What Is Flood Insurance, and What Does It Cover?

Flood insurance is sometimes required as a condition of your mortgage, but you may want to get it even if it's not.
Sarah Schlichter
By Sarah Schlichter 
Edited by Caitlin Constantine Reviewed by Brenda J. Cude

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Nerdy takeaways
  • Most homeowners and renters policies won’t cover flood damage, so those at risk need separate flood insurance.

  • Flood insurance covers damage from scenarios such as heavy rainfall, overflowing bodies of water and hurricane storm surges.

  • Flood insurance pays to repair the structure of your home and replace damaged personal belongings.

Most home insurance policies don’t cover flood damage, which can cost you tens of thousands of dollars even if there's just an inch or two of water. But say your house isn’t on the coast or near a body of water. Do you really need flood insurance?

Unfortunately, extreme weather is becoming more common, and in recent years floods have struck even areas not historically considered at risk. That’s why you might want to consider adding flood coverage. Homeowners in high-risk areas often pay thousands of dollars per year for flood insurance. But the cost of coverage in a moderate- to low-risk area could be less than your monthly cell phone bill.

Here’s what flood insurance covers and how to decide whether you should buy it.

What is flood insurance?

Flood insurance is a type of property insurance that covers specific kinds of water damage to your home and belongings. The nation’s biggest flood insurance provider, the National Flood Insurance Program, or NFIP, defines flooding as “an excess of water on land that is normally dry.”

National Flood Insurance Program. What Flood Insurance Covers. Accessed Nov 2, 2022.
Flood insurance covers scenarios such as:

  • A river, lake or bay that overflows its banks.

  • A hurricane storm surge.

  • A heavy downpour that accumulates faster than it can drain.

  • A mudflow.

Homeowners, condo, renters and mobile home insurance policies generally don’t cover flood damage. So if your home is at risk of flooding, you’ll usually need to buy this coverage separately.

🤓Nerdy Tip

Although they won’t cover flood damage, homeowners and renters policies do cover some types of water damage. Examples include burst pipes and appliances that suddenly spring a leak. Learn more about homeowners insurance and water damage.

What does flood insurance cover?

Two types of flood insurance are available from the NFIP, each with a separate deductible: building and contents.

Building coverage

Building coverage is insurance for the structure of your home. (It’s similar to dwelling coverage on a homeowners policy.) It pays for flood damage to things like:

  • Electrical and plumbing systems.

  • Water heaters.

  • Furnaces.

  • Foundation walls.

  • Built-in appliances and cabinets.

  • Permanently installed carpets.

  • Detached garages.

  • Fuel and well water tanks.

The NFIP offers building coverage up to $250,000.

Contents coverage

Like personal property coverage on a homeowners or renters policy, contents coverage pays for damage to your belongings. On an NFIP policy, this includes:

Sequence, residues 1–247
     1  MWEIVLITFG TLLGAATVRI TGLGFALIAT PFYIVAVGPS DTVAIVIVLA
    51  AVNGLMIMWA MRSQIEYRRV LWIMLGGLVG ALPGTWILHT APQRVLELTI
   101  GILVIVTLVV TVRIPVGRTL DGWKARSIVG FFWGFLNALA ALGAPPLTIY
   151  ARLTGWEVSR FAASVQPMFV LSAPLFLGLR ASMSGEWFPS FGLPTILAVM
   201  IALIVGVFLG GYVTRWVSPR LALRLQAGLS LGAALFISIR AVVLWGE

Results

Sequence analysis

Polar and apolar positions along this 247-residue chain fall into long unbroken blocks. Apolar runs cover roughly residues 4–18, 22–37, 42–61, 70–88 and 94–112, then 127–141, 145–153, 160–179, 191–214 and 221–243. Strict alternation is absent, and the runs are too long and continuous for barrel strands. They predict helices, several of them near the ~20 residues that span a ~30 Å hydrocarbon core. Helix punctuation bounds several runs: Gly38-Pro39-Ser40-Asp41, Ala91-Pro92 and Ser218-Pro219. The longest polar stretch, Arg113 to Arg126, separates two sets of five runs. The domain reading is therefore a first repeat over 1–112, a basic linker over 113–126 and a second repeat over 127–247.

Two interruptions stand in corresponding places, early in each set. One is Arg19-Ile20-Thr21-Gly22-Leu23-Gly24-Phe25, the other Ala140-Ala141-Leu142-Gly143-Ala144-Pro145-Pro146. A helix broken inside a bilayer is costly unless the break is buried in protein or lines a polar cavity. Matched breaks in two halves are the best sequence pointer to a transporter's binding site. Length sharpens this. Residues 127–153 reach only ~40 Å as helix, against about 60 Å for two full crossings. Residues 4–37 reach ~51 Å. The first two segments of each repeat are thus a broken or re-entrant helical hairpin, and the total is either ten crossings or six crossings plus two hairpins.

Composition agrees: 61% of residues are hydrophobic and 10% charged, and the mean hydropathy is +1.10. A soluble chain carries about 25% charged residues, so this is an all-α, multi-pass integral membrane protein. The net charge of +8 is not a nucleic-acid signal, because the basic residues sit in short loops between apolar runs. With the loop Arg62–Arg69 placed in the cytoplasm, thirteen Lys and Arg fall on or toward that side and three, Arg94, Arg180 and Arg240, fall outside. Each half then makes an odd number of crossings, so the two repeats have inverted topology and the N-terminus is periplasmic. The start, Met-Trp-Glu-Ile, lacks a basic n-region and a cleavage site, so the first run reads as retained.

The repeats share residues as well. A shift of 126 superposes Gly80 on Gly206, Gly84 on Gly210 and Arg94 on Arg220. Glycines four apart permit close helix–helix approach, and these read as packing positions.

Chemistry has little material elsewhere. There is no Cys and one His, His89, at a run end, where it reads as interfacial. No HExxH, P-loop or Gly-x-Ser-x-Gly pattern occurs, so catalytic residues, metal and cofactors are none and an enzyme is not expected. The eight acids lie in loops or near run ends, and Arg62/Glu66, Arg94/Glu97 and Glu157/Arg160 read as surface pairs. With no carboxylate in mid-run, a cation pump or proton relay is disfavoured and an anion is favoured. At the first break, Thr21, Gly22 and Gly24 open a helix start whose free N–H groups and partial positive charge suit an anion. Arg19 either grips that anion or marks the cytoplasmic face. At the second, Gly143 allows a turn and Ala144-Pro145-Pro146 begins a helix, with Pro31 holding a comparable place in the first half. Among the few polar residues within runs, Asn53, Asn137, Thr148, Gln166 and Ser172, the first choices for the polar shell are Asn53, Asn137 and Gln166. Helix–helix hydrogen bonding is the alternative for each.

• Clothing.

  • Furniture.

  • Electronics.

  • Original artwork (up to $2,500).

  • Curtains.

  • Washers, dryers and microwaves.

  • Portable air conditioners.

The NFIP covers your stuff on an “actual cash value” basis. This means that if you file a flood insurance claim, your payout will reflect what your belongings were worth at the time of the flood.

Here’s an example: If floodwaters damage your 15-year-old recliner beyond repair, your policy will pay enough to buy a used recliner of similar age and quality — not enough for a new one. Multiply this type of gap by every item in your home, and you may find that your insurance payout isn’t nearly enough to replace what you lost.

NFIP policies offer up to $100,000 of contents coverage.

Flood insurance coverage beyond the NFIP

You may be able to get broader coverage and higher limits by buying flood insurance through companies that don’t work with the NFIP. For example, Neptune offers building coverage up to $4 million and contents coverage up to $500,000. Learn more about private flood insurance.

What doesn’t flood insurance cover?

The standard NFIP policy won’t pay for certain expenses, including:

Some water damage

The NFIP pays for damage only when naturally occurring flooding affects at least 2 acres and two properties. That means it won’t cover scenarios such as an overflowing bathtub that floods your bathroom. (Your homeowners insurance may cover that problem.)

Damage to certain parts of your home

The NFIP won’t pay for flood damage to any of the following:

  • Swimming pools.

  • Decks.

  • Patios.

  • Landscaping.

  • Valuable papers.

  • Currency.

  • Personal belongings in your basement.

Living expenses if you can’t live at home

If you need to move into a hotel or rent an apartment while contractors repair your home after a flood, you’ll have to pay those expenses yourself.


NFIP insurance won’t cover cars or other “self-propelled vehicles.” However, if you have comprehensive insurance on your auto policy, that coverage should pay for flood damage.

Private insurers tend to offer more coverage options and fewer exclusions. For instance, Neptune and Aon Edge can cover some expenses if you need to move out of your home during repairs. They also pay for swimming pool repairs or cleanup.

Do I need flood insurance?

Some people are required to buy flood insurance. For example, many mortgage lenders require homeowners in high-risk flood zones to buy flood insurance in order to get a loan. And if the federal government has given you grants or other flood assistance in the past, you must have flood insurance to qualify for similar aid in the future.

If having flood insurance isn’t a condition of your mortgage, you don’t have to carry it. However, even a small amount of flooding can cost you a lot of money.

One foot of water could cause more than $29,000 in damage to a 1,000-square-foot home. You can use the NFIP’s tool to estimate how much a flood may cost you based on the size of your home.